I haven't been blogging much lately, because it's conference season, road warrior time (or transit warrior, or airport...). Airports are implementing satellite-based air traffic control systems. Tolling entities are discussing open-road tolling, privacy issues and pricing. Bridge engineers are talking everything from anti-corrosion technologies to hot-dip galvanizing to carbon nano-tubes and balsa sandwich core plate systems. Ah, variety.

But as I went from Dallas (American Association of Airport Executives) to Washington, D.C. (Womens Transportation Seminar) to Boston (International Tunnel, Turnpike and Bridge Association) and now to Pittsburgh (International Bridge Conference), I noticed a common theme: The way we fund our airports, highways, bridges and transit programs is rapidly becoming obsolete.

At the IBTTA, the overarching theme was about how the traditional funding mechanism, the gas tax, must be replaced by a vehicle-miles-traveled fee.

Just yesterday at IBC, one engineer told me he was wary of the idea of privatization coming into public projects. At IBTTA, one of the members of the private concessionaire that built the South Bay Expressway informed me that they had filed for bankruptcy and were embroiled in legal battles with the contractor.

At WTS, where one might assume a bit of a Democratic bent, hearty criticism of the Administration's apparent lack of leadership role in transportation was voiced.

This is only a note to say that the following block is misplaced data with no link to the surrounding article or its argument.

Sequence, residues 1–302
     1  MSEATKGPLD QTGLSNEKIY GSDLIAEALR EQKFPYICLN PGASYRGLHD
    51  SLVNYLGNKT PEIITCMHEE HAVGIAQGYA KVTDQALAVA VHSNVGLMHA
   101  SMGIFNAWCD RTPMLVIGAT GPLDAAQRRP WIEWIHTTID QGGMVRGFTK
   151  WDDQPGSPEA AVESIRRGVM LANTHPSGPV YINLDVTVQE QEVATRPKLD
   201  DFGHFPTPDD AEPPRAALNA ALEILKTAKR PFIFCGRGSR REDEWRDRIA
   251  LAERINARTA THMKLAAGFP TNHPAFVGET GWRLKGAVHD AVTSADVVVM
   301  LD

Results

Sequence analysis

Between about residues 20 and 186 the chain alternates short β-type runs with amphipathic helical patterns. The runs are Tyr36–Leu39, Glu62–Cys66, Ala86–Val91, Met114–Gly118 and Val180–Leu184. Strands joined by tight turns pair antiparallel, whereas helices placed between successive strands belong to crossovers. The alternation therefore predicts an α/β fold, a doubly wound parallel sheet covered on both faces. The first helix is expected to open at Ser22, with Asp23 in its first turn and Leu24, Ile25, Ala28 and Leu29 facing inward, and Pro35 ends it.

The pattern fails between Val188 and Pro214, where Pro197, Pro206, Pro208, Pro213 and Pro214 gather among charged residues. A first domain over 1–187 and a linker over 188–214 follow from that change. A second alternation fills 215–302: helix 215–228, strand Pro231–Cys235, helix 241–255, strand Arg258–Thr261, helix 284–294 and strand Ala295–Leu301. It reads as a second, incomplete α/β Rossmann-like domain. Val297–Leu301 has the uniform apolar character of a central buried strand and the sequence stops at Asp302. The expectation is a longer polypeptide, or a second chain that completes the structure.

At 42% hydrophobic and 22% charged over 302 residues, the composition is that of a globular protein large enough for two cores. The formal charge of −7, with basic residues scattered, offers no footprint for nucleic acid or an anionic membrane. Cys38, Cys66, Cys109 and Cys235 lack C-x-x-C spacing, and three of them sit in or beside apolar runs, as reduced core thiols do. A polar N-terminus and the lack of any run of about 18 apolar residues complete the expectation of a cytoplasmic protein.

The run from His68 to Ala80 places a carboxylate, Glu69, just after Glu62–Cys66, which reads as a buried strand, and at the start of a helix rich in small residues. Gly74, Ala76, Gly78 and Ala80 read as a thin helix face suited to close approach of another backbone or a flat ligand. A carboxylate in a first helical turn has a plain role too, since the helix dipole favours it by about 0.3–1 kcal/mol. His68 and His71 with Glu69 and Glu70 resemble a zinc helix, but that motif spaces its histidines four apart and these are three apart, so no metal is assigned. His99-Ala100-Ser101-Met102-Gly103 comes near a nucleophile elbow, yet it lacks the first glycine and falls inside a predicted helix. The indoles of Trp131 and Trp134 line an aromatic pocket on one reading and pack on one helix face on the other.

Jayetta Hecker of the Bipartisan Policy Center (nice to see something that's bipartisan these days) noted that the voter-approved sales tax increases that recently funded so many transit projects is not sustainable. And in a struggling economy, that's proving true as Congress discusses emergency funding for a dozen agencies.

And airport officials are enjoying a lively debate over the airlines' opposition to raising passenger facility charges from $4.50 to $7. Here again, the notion of the user (including the airlines as well as the passengers) paying for what they get in terms of infrastructure facilities is at play.

Tax, user fee, surcharge, toll? The word "tax" is anathema to a lot of people right now. Experts across the modes point out that in other advanced nations, citizens pay plenty for their high-speed trains, high-tech airports and highways - be it at the pump, under the tolling gantry or in the ticket fee.

Public-private partnerships are a promising notion, but not for all projects. Best-value-based bidding, accomplished in various delivery models, is growing somewhat in popularity.

But something fundamental has to change in the national transportation model. Everyone's doing a lot of talking, but opportunities for action seem limited, especially in a political arena besieged not only by oil disasters, global tension and financial woes but bitter internal acrimony.

Transportation experts in the U.S., Democrat and Republican alike, have reluctantly concurred that an increase in the fuel tax here is needed, if only as an interim bandaid, as the industry cautiously edges closer to a user-fee-based model.

But the chances of that happening in this atmosphere are about as likely as me getting fed on my flight home tomorrow.

No method for moving forward will be perfect. But something's got to move. As the bridge folks might say, it's time to get galvanized.